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Re-elected Carnegie mayor has unfinished business

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Carnegie Mayor Jack Kobistek presents Marjorie Simons of Rennerdale, the daughter of World War II veteran Edward Simons, with a certificate of recognition during a flag ceremony in honor of her late father.

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Wednesday, Nov. 13, 2013, 9:01 p.m.

Jack Kobistek couldn't step away.

“I see a lot of positive things happening here, and I want to make sure they stay on track,” he said.

Kobistek, 51, ran unopposed in his re-election bid as mayor of Carnegie earlier this month.

“The people of the community have been so supportive that I welcome the chance to work with them again,” he said.

That's the fun part of his job, he said.

“Going out and working with people in the community — even complaints, I don't mind,” he said. “Complaints are an opportunity for a solution.”

His plan, he said, is rather simple: stick with what he started four years ago.

“I made a plan four years ago on how to advance our community — a nine-point plan,” he said. “I keep it with me every day, to remind myself.”

Foremost on that list, he said, is public safety, which he said is his prime responsibility.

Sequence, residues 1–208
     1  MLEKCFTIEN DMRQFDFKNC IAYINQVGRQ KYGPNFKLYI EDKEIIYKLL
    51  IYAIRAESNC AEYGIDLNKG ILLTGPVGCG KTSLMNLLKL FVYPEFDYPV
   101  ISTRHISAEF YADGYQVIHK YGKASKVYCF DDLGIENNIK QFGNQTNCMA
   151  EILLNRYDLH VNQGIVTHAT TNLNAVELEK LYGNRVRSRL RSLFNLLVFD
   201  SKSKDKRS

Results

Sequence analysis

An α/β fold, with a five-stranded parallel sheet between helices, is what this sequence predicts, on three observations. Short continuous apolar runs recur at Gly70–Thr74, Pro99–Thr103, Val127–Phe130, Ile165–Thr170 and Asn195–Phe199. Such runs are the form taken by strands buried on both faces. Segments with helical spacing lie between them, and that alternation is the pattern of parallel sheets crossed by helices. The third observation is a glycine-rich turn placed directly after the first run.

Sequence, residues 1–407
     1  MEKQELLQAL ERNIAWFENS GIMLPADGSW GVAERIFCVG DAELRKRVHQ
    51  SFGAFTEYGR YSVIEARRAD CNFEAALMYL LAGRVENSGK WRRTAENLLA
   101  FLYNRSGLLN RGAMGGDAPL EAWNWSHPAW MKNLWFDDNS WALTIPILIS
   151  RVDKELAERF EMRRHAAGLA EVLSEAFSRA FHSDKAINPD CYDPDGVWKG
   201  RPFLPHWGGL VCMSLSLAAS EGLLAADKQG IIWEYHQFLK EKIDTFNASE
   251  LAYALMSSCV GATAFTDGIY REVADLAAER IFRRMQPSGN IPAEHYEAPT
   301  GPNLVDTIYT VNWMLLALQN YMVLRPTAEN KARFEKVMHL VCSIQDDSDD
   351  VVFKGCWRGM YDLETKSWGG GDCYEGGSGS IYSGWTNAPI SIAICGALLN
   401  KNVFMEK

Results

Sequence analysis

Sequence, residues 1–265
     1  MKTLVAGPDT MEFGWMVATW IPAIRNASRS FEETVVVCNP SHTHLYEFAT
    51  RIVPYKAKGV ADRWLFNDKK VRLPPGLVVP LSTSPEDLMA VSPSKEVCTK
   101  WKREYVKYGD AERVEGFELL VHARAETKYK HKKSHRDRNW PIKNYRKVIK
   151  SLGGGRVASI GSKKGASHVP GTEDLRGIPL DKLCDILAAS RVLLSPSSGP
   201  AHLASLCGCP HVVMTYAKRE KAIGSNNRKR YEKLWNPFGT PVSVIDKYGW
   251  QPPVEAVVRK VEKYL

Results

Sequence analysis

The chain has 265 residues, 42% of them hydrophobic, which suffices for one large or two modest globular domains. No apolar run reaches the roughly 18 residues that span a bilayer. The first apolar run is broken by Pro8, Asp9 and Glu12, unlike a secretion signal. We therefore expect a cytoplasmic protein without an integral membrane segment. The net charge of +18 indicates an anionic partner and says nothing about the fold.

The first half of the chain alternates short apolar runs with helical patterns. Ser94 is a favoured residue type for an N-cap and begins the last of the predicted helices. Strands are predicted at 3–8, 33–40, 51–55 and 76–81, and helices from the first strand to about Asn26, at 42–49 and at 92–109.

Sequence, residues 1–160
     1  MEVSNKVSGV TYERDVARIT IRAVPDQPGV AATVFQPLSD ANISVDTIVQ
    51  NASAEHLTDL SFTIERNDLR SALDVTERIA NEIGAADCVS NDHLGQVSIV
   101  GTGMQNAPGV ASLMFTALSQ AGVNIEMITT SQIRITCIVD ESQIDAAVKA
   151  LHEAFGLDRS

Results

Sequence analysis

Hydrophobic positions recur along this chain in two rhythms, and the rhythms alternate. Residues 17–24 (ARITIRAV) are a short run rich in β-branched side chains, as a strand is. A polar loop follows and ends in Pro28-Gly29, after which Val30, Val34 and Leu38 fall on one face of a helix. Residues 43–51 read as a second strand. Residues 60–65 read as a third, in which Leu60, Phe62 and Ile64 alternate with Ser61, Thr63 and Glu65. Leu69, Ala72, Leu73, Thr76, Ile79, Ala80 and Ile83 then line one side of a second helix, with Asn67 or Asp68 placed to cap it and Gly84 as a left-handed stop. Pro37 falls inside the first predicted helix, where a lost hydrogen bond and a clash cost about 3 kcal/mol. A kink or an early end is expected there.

He said he would like to try to step up the borough's “three strikes” law in terms of disruptive tenants — if the police are called to a tenant's residence three times for a disorderly disturbance, tenants can be evicted.

He said he would also like to increase the impact of an initiative instituted in his first term — sweeps.

Borough officials partner with the police department, code enforcement and the borough manager and walk through certain areas looking for code violations, criminal issues and other violations.

“It's a good way to get everybody on the same page,” he said.

Continuing the borough's revitalization also is a top priority, he said, as it was in his first term.

“It was important to build bridges and relationships with community organizations because revitalization cannot fall on one person's shoulders,” he said.

“But now we have to take that to the next level,” he said.

He said he hopes to strengthen the borough's retail corridor by actively attracting retail businesses to fill the void in that area.

He said he also hopes to strengthen the beautification efforts by working against littering, and he hopes to roll out what he calls an aggressive anti-littering campaign in the spring.

Mostly, he said, he wants to continue pushing Carnegie toward becoming a more vibrant, beautiful community, including through community partnerships.

“We have great partnerships with the schools, library, Boys and Girls Club and other organizations,” he said. “I want to make sure those partnerships remain vibrant.”

Megan Guza is a staff writer for Trib Total Media. She can be reached at 412-388-5810 or

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